In 1497 (the Middle Ages), approximately 17 men led by Captain John Cabot sailed out of Bristol, England. They headed out on the Bristol Channel and across the Atlantic Ocean to what is now Canada and likely landed in Newfoundland. He sailed under Henry VII and landed on June 24, 1497, and journaled that he arrived in “New Founde Landes.”
Did you know that?
I don’t think I did.
I only recall learning in school (in NY) that Christoper Columbus “discovered” America. The two men where peers.
Onboard The Matthew — well, the replica of it — I learned about John Cabot (Giovanni Cabboto) and how although he wasn’t actually the first to sail this route, he was the man who sailed it in the name of England and officially claimed it.
The British volunteer on board told me that Columbus landed in Venezuela (named for Venice, Italy) and Central America, rather than any part of North America. It’s Cabot and his crew that first claimed a landing in North America.
This is an almost exact replica of the ship that John Cabot and his crew of 16 or 17 men sailed. It was built from 1994 to 1996 to recreate the historic voyage to Newfoundland and back to Bristol in 1997 on the 500th anniversary of the original trip.
Now she sails for films and festivals. And can be hired out for private events.
Looking around, I asked the volunteer how deep and what it was like below where I imagined the crew’s quarters were.
“Actually,” he replied, “the crew stayed up on deck. The livestock was kept below.”
Livestock? I hadn’t thought of that. The livestock provided the crew with fresh meat. He said the only time the crew might have stayed below would have been to warm up by the body heat of the animals.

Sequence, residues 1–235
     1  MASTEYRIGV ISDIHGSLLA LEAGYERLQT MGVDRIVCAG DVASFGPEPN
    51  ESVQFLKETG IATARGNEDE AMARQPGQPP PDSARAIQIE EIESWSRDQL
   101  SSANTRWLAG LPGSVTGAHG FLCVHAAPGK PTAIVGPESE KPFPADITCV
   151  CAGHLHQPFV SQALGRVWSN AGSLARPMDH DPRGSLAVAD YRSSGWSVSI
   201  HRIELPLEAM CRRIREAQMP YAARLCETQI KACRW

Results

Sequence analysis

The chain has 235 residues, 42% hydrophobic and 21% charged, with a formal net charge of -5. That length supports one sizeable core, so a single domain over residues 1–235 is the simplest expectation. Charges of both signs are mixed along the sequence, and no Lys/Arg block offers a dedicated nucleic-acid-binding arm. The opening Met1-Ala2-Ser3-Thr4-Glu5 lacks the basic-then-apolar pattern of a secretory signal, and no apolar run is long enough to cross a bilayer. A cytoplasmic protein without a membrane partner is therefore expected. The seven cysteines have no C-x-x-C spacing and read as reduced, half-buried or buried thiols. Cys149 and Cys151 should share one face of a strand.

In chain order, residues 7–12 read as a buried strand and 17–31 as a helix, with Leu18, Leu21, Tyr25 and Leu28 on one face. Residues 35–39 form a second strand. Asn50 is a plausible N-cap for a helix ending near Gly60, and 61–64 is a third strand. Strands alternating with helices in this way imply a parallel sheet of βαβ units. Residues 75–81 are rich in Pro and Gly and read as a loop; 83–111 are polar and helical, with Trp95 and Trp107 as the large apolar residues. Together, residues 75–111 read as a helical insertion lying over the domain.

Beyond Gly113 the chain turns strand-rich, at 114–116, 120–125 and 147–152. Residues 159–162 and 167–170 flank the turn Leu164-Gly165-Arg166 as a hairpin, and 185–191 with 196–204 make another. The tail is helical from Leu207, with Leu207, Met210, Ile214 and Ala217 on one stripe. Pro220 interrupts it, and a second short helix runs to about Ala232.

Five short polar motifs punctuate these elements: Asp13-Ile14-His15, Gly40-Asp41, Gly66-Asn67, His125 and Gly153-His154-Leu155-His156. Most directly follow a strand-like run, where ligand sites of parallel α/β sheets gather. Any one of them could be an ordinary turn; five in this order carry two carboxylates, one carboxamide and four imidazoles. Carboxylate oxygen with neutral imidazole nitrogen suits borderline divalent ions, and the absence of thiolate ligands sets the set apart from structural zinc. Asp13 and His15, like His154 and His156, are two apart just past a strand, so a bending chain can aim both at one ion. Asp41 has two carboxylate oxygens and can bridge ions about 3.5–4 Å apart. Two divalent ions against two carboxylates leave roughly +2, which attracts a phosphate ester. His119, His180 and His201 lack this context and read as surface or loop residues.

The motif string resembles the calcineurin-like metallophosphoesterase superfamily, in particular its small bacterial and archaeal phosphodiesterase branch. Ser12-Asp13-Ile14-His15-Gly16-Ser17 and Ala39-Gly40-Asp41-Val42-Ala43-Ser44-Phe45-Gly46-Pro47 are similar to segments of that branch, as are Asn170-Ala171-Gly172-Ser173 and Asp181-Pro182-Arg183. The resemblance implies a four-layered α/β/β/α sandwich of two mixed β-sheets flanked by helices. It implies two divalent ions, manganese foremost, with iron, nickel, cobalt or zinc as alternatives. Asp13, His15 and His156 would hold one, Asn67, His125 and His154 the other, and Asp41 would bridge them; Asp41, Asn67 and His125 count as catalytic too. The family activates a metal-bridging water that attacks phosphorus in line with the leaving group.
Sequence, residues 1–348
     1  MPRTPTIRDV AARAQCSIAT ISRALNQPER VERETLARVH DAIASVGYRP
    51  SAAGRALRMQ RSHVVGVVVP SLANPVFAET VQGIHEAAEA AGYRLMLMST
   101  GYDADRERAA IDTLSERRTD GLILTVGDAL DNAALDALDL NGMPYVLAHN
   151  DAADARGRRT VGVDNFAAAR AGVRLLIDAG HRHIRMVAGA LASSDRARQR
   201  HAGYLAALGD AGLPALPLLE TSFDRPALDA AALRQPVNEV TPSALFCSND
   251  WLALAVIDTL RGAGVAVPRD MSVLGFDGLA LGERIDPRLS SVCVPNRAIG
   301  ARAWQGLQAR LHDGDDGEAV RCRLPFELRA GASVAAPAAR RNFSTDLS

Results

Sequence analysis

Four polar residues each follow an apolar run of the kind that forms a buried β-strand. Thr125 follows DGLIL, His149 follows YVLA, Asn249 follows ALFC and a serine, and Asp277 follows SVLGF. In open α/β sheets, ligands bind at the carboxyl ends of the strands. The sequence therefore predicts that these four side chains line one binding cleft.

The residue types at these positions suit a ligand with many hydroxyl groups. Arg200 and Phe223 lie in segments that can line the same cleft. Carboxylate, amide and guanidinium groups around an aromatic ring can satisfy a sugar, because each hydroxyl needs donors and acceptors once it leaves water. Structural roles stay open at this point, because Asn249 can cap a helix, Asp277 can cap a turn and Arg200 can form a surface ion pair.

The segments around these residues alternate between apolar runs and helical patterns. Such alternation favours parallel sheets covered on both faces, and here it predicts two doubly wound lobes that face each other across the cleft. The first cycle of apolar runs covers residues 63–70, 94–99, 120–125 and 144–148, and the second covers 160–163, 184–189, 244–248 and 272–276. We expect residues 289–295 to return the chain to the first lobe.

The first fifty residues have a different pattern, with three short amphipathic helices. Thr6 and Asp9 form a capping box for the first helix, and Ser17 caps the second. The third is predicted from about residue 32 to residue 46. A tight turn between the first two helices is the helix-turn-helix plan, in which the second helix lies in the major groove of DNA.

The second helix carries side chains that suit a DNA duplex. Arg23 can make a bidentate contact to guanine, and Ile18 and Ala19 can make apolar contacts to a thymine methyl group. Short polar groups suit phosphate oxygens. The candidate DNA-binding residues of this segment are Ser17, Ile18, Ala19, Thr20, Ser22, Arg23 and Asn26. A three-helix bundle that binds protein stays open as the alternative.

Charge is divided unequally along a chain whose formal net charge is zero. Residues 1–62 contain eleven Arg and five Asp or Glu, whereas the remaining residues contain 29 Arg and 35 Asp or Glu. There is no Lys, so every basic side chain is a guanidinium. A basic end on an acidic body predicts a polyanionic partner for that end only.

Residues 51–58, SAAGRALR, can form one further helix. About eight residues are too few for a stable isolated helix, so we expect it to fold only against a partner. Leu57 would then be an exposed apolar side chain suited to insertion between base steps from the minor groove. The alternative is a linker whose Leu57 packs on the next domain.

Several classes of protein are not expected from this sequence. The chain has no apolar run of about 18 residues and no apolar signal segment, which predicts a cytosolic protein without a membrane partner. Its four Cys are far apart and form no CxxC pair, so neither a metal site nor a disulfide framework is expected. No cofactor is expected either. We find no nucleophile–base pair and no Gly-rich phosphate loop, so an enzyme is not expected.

I can’t imagine living on deck for so long. This isn’t a cruise ship full of comfy lounge chairs.
The crows nest
The crows nest, I learned, isn’t of the original wood any more because it was too top-heavy to stay upright in her harbor home. I can’t image how it made a journey across an ocean, driven by the wind and not topple over out there. Nor can I imagine being the person to man that position.
Next, I asked about the wooden pegboard with pegs tied to it. (I wish I’d taken a photo.) This, he explained, was how they kept their log. At set intervals, they’d take a directional reading and they’d put a peg in the board to mark the direction they were heading. Then the captain would mark this information into the written log and the pegs were used again for the next set of readings. I expected the board to be a more complicated calculation machine or marker.
Bristol BS1 4RN
The official website provides info on how to get there by car, bus, and train.
Entrance Fee & Normal Hours
Admission is free when it is stationed here.
March – November: 10 am – 4 pm Tuesday to Sunday
December to February: 10 am – 4 pm Saturday and Sunday
The ship is not always available here though so it may be a good idea to phone first if you’re coming just to see it. It actually sails and you can partake in any of several regular public trips it makes or hire it for a private event — or for filming. (The Matthew has been known to often masquerade as a pirate ship.)
Harbor trip information: matthew.co.uk/harbour-trip
Official website and more info
The official website for The Matthew is matthew.co.uk. This site is chock full of information about the original voyage, the replica, and coming on board or renting it out. It’s got a lot of interesting reading. Especially for a North American who has lived his/her life believing the Columbus story.
For an idea of The Matthew’s size…
Perhaps this full-width photo provides a fuller an idea of its size.
More to do
- Other ships such as the SS Great Britain
- The Fairbairn steam crane of 1878
- The railway that used to meet the ships at The Railway Wharf
- and more
And then there’s alway a good pub meal before, after, or both. We enjoyed a meal at The Pumphouse.
Thanks for this great Derry!